corner to put her back against and make a stand. Therefore she did nothing of the kind. As the first of four armed mercenaries came pounding into view around a corner ahead, she took Need in both hands and charged him, shrieking at the top of her lungs. Her berserk attack took the demon-hireling by surprise; he stopped dead in his tracks, staring, and belatedly raised his own weapon. His hesitation sealed his doom. Kethry let the eldritch power of Need control her body, and the bespelled blade responded to the freedom by moving her in a lightning blow at his unprotected side. Screaming in pain, the fighter fell, arm sheared off at the shoulder. The second hired thug was a little quicker to defend himself, but he, too, was no match for Need's spell-imparted skill. Kethry cracked his wooden shield in half with a strength far exceeding what she alone possessed, and swatted his blade out of his hands after only two exchanges, sending it clattering against the wall. She ran him through before he could flee her. The third and fourth sought to take her while— they presumed—Kethry's blade was still held fast in the collapsing body. They presumed too much; Need freed itself and spun Kethry around to meet and counter both their strokes in a display of swordsmanship a master would envy. They saw death staring at them from the witchlight reflected on the blood-dripping blade, from the hate-filled green eyes. It was more than they had the stomach to face— and their lives were worth far more to them than their pay. They turned and fled back down the way they had come, with Kethry in hot pursuit, too filled with berserk anger now to think that a charge into unknown danger might not be a wise notion. There was light ahead, Kethry noticed absently, allowing her rage to speed her feet. That might mean there were others there—and perhaps the demon. The hirelings ran to the light as to sanctuary; Kethry followed— She stumbled to a halt, at first half-blinded by the light; then when her eyes adjusted, tripped on nothing and nearly fell to her knees, her mind and heart going numb at what she saw. This had once been the inner temple; Thalhkarsh had transformed it into his own perverted place of unholiness. It had the red-lit look of a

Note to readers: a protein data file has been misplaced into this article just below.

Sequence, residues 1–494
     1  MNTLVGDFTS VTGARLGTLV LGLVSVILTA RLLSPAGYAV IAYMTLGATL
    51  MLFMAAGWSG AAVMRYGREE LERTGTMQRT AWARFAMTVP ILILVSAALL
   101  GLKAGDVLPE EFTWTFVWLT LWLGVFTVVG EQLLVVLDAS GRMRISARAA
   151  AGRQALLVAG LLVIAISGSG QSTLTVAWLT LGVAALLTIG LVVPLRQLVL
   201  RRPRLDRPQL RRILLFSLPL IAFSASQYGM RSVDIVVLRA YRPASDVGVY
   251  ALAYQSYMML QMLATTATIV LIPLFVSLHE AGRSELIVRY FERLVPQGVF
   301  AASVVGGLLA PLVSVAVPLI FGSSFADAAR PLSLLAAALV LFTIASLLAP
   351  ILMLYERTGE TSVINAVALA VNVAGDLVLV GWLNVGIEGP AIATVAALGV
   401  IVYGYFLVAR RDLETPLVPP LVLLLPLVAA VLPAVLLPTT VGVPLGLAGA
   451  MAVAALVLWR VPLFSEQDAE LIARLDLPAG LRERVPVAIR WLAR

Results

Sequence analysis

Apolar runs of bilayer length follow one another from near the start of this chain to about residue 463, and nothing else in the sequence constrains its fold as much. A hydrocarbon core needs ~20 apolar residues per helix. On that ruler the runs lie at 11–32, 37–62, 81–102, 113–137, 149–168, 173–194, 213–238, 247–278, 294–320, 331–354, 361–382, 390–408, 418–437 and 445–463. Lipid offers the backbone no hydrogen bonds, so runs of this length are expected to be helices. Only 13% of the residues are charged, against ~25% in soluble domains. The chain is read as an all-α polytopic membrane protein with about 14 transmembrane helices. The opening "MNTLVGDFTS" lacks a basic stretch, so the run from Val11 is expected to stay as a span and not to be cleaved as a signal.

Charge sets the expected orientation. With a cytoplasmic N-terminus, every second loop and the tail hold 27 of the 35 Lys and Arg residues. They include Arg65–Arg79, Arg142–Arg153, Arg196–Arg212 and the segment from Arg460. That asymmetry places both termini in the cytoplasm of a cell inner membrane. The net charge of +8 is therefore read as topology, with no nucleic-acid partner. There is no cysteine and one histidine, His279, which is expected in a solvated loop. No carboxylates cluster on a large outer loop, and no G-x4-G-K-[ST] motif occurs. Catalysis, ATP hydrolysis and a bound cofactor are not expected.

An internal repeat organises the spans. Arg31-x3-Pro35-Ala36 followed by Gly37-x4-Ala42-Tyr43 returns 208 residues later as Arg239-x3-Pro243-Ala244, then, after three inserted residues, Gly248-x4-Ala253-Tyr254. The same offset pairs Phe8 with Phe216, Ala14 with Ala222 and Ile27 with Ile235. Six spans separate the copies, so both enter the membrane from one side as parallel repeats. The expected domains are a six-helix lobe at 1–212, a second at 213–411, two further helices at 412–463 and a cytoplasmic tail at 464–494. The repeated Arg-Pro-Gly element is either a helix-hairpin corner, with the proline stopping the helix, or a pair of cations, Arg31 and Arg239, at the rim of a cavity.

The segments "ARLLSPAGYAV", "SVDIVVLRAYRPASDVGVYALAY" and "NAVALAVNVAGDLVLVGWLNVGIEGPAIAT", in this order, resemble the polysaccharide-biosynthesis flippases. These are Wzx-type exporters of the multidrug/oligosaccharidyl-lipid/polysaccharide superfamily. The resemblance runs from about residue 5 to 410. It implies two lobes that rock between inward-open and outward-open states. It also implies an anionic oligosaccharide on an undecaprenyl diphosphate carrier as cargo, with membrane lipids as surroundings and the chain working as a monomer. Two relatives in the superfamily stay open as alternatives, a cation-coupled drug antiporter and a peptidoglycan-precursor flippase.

seraglio in hell. It had been decorated with the same sort of carvings that had ornamented the demon's temple back in Delton. The subject was sexual; every perversion possible was depicted, provided that it included pain and suffering. The far end of the room had been made into a kind of platform, covered in silk and velvet cushions, plushly upholstered. It was a cliched setting; an overdone backdrop for an orgy. The demon certainly enjoyed invoking pain, but it appeared that he himself preferred not to suffer the slightest discomfort while he was amusing himself. The platform was occupied by a clutch of writhing nude and partially clothed bodies. Only now were some of those on the platform beginning to disengage and take notice of the hirelings fleeing for the door on the opposite side. Evidently not even the demon foresaw that Kethry would be able to get this far on her own. The demon and his followers had been interrupted by her entrance at the height of their pleasures. And it was the sight of the demon's partner that had stricken Kethry to the heart—for the one being used by the demon himself was Tarma. But it was Tarma transformed; she wore the face and body the demon had given her when he had first tried to seduce her to his cause. Though smaller and far frailer, she was still recognizably herself— but with all her angularities softened, her harshness made silken, her flaws turned to beauty. Her clothing was in rags, and she had the bruises and the look of a woman who has been passed from one brutal rape to another. That was bad enough, but that was not what had struck Kethry like a dagger to the heart; it was the absence of any mind or sense in Tarma's blank blue eyes. Tarma had survived rape before; were she still aware and in charge of herself, she would still be fighting. Mere brutal use would not have forced her mind from her, not when the slaughter of her entire Clan as well as her own abuse had failed to do that when she was a young woman and far more innocent than she was now. No—this had to be the work of the demon. Knowing he would be unable to break her spirit, Thalhkarsh had stolen Tarma's mind; stolen her mind or somehow forced her soul out of her body. The demon, wearing his form of a tall, beautiful human male, was the first to recover from surprise at the interruption. "Amusing," he said, not appearing at all amused. "I had thought the skill of those I had paid would